ST. LOUIS — Better than anyone, Mike Martz realized during the St. Louis Rams’ glory years that nothing lasts forever.
During the three-year run from 1999-2001 when the team led the NFL in offense three straight seasons and went to a pair of Super Bowls, Martz often remarked that it was a “special place in time” for the organization.
Kurt Warner won a pair of MVP awards, Marshall Faulk won the third, and the “Greatest Show on Turf” offense that also featured Isaac Bruce and Torry Holt scored 500 points all three years.
“He used the term ‘fast and furious’ a lot and that’s really the way we approached the game on offense,” Pro Bowl tackle Orlando Pace said. “He wanted to take advantage of every defense, and the style he played on offense was great.”
In the end, Martz was correct. It couldn’t be sustained indefinitely.
Now, instead of turning the page on a 6-10 season spoiled by too many injuries and too much off-the-field controversy, instead of easing back into the job after missing the last 11 games with a heart ailment, instead of plotting whom to take with the 11th pick in the draft in late April, Martz’ agent is in the process of negotiating a settlement on the final year of a three-year contract after his firing on Monday.
One reason Martz is an ex-coach is it’s been a while since the Rams were a member of the NFL’s elite. The past two seasons, they’re 14-18.
Warner is long gone after getting injured in 2003 and then losing his job to Marc Bulger, who helped produce a 12-win season, the Rams’ last big year. The offensive line got older, with guard Adam Timmerman in particular struggling with injuries, and younger at the same time with two rookie starters much of this year.
Over time, the Rams became, well, more ordinary.
The biggest reason it’s over, though, was the clash of wills between Martz and the front office that was a byproduct of all that success. Four playoff berths in five years fortified egos and set up a battle against director of football operations Jay Zygmunt, a 24-year employee of the Rams, that Martz could not win.
In some players’ minds, Martz was finished long before the news became official on Monday morning, the day after the Rams (6-10) wound up a bizarre, disappointing season on a positive note with a 20-10 victory at Dallas.
Even Bulger, Martz’ choice to replace the popular Warner, had moved on. As he pointed out, he’s had a while to get used to the idea. After all the speculation, Bulger appreciated the mercifully quick decision.
“It was pretty apparent the last month or two that this day was going to come,” Bulger said. “I think it’s better for coach Martz and for the organization that it happened quicker, for him to find another job and for us to find a replacement.”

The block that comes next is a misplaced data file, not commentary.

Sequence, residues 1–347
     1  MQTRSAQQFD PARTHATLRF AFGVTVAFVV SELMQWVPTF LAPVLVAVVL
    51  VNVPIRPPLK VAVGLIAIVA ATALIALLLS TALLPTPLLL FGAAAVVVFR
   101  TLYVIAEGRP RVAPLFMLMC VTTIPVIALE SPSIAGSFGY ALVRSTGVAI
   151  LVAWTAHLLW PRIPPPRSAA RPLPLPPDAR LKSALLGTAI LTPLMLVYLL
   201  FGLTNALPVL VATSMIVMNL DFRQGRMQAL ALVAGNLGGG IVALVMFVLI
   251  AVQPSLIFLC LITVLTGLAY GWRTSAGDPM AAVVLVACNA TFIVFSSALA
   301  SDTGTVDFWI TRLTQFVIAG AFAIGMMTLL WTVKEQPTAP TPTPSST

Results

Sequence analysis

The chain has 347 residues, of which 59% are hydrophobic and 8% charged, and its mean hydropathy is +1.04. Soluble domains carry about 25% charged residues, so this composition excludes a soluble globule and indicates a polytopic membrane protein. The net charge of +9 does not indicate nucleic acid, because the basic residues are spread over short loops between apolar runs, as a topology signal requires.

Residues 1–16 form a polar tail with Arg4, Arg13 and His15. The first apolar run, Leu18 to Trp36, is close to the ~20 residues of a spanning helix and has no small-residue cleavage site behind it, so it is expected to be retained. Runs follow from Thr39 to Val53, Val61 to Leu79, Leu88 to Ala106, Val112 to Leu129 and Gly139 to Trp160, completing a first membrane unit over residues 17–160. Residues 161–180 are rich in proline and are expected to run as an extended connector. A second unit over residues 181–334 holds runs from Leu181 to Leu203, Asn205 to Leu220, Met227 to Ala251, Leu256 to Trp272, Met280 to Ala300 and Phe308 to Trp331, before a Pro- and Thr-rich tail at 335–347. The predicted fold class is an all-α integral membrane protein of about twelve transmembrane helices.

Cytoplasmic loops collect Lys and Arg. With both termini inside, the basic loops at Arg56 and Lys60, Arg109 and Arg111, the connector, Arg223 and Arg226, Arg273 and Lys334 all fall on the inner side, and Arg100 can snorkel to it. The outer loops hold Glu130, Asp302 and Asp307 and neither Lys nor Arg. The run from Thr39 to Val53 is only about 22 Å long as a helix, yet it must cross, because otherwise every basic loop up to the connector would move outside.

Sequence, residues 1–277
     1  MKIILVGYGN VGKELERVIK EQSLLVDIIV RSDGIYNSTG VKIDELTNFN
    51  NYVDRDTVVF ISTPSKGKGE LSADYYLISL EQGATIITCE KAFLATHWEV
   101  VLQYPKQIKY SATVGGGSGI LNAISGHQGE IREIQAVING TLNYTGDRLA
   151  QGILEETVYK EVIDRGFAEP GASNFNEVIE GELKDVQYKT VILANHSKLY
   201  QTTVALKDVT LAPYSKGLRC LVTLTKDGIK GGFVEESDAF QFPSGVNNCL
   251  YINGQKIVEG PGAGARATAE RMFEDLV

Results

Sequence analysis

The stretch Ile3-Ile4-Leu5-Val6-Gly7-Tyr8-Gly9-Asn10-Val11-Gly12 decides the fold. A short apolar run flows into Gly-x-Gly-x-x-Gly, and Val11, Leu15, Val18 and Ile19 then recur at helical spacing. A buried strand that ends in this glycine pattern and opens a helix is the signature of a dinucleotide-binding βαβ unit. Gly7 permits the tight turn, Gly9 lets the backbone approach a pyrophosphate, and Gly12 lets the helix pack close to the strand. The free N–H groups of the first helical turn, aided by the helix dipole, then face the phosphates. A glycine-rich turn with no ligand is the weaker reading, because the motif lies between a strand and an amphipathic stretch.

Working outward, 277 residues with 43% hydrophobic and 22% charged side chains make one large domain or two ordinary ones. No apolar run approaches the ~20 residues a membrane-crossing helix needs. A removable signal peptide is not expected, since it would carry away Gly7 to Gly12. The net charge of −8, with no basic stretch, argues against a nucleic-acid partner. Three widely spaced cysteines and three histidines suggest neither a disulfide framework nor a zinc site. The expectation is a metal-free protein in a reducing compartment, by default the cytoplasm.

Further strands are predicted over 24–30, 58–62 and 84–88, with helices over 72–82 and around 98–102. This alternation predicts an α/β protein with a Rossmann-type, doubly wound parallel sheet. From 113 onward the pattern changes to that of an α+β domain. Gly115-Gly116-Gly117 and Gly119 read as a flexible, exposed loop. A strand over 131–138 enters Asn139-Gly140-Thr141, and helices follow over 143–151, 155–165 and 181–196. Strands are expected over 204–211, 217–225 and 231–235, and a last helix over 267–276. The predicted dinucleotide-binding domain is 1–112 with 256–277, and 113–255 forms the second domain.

Bulger, discovered off the scrap heap by Martz, won’t get involved with what went wrong or who was in the wrong. He’s not going to second-guess Shaw’s decision to dismiss Martz. He’ll rehab his injured shoulder and let others take care of the big picture.
“It’s not up to me to worry about who the coach is,” Bulger said. “Mr. Shaw is the president and what he says goes.”
Shaw expects to hire a replacement in three to four weeks and Bulger, for one, doesn’t appear to care who comes in next even though a defensive mind appears to be on the top of the priority list. Given the offensive tools that are available, Bulger reasons that excessive tinkering on his side of the ball probably won’t be necessary.
“I don’t think someone’s going to come in and teach us a completely new game,” Bulger said. “We’ll still be playing football, so I don’t think the adjustment will be too outlandish.”
Not long ago, everything that Martz touched turned to gold. Hired as the offensive coordinator by Dick Vermeil in 1999, he quickly made a name for himself with his “Mad Mike” stratagems.
Faulk, a standout for so-so Colts teams, elevated the Rams to the top of the league with his running and pass-catching. Warner, an unknown product of Arena League Football, was molded into a star after Trent Green was lost of the year in the 1999 preseason.
Martz quickly became such a hot commodity that the Rams hired him as the head coach in waiting whenever Vermeil retired, which he did two days after winning the franchise’s only Super Bowl.
In his first five seasons, Martz produced three teams that won 10 or more games. The 2000 team was 6-0 before Warner broke a pinky finger that sidelined him for 5 1/2 games, in 2001 the Rams were 14-2 and were two-touchdown favorites before losing to the Patriots in the Super Bowl.
It began falling apart last year, when the Rams made the playoffs despite an 8-8 record. This year’s 6-10 record was the franchise’s worst since 1998, though Martz was around for only the first five games.
“I think you always have regrets because you think you could have done a better job,” Martz said. “Perfection is always the goal.
“Obviously there’s regrets I’m not going to be here, but that’s the way it goes.”